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The worst career advice you ever received

Written by Elizabeth Bromstein
Posted on May 8, 2014

We’ve all received bad advice at some point in our lives, from friends, family, neighbours and, most often the internet.

Here are the stories of six terrible pieces of career advice as told by those who received the advice.

The first is mine.

Cold calling is dead. I keep reading this advice online and would strongly disagree. The idea seems to be that making social media connections eliminates the need for cold calling. Nearly every single job I have gotten over the past ten years has resulted from a cold call, or, really, a cold email. That’s what we’re actually talking about. “Cold calling” is just an expression. Not everyone checks LinkedIn obsessively, or even likes LinkedIn. But they do check their email. You might catch someone at exactly the right time.

Don’t stay late. Nobody will notice. A coworker told me this, but I stayed late and was later offered a promotion because my extra effort was recognized. If I had listened, I wouldn’t have moved up.”

This piece of advice basically translates into “don’t put in any extra effort. It’s not worth the trouble.” But most employers would probably agree that it is worth the trouble and that they will recognize and appreciate extra effort over doing the bare minimum.

You can be anything you want to be when you grow up. I would have made a pretty poor pro football player, no matter how much the desire were there.”

It’s not that you shouldn’t strive to live your dreams, but you can’t grow up to be a unicorn. And, if you’re five foot three, you probably won’t make the NBA.

Don’t work for free. I’m glad I have ignored this advice. Often, when I take on new freelance clients, I do a small project, or a part of a project, for them for free. This seems to build trust and rapport because they always then hire me at the rate I ask. I think refusing to make this gesture would make me look ungenerous.”

I have also worked a lot for free. It might not work for all types of employment but, as a freelance writer, it can be a good way to build relationships. There is a fine line, however, between being generous and being taken advantage of and you have to know where to draw it.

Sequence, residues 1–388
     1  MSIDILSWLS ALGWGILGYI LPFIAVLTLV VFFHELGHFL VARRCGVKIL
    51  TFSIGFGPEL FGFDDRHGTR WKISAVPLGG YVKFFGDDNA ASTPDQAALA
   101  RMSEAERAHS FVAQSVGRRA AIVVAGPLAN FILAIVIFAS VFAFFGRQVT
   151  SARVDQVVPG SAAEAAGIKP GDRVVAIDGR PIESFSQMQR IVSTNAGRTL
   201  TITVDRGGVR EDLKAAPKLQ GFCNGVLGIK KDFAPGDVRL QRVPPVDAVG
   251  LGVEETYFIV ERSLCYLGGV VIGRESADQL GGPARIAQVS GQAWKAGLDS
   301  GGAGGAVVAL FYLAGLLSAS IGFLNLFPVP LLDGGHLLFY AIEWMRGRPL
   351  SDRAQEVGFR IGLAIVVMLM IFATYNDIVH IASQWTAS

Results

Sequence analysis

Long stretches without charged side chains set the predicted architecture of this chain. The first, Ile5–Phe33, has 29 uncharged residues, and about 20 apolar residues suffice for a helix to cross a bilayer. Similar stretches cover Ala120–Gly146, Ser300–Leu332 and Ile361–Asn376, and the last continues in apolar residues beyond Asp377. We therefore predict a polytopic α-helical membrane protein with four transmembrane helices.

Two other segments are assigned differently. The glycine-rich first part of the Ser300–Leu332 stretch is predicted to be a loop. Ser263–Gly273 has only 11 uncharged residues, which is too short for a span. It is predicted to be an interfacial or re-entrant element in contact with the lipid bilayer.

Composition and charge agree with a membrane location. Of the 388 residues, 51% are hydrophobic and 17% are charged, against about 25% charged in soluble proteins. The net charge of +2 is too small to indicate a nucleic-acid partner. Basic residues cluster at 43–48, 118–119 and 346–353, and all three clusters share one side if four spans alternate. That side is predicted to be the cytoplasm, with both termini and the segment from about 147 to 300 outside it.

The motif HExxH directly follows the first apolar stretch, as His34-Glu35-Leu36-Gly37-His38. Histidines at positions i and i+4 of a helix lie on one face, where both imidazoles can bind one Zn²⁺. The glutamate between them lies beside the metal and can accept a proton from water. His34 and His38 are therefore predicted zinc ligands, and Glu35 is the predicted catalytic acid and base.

Work for free. I took an internship right out of university hoping to move up in the company and it never happened. I think I should have held out for a paid internship. Once you show yourself willing to work for free, why should they pay you? It was a waste of time.”

Again, it likely depends on the industry but this study found that taking an unpaid internship was about as useful as not doing an internship at all when it came to getting paid employment afterwards. Use your judgment.

Don’t stay in a job for less than two years. I left a position after 14 months and have never regretted it.”

The idea here is that you should build credibility and avoid getting a reputation as a job hopper, which is the result of having short job periods on your resume. But as we recently discussed, job hopping is becoming the new normal and the majority people are now staying in roles for less than two years. Some would argue that you have to stay on the move.

“Just quit. My boss was a total piece of work and I was completely miserable. So, I was happy to take this advice. I figured I would find something else quickly, but wound up being out of work for eight months. It was a nightmare. I will never again quit a job without lining up a new one first.”

It’s never a good idea to leap without a net. Always find other work first, if you can.

Have you ever received terrible career advice? Share it with us in the comments.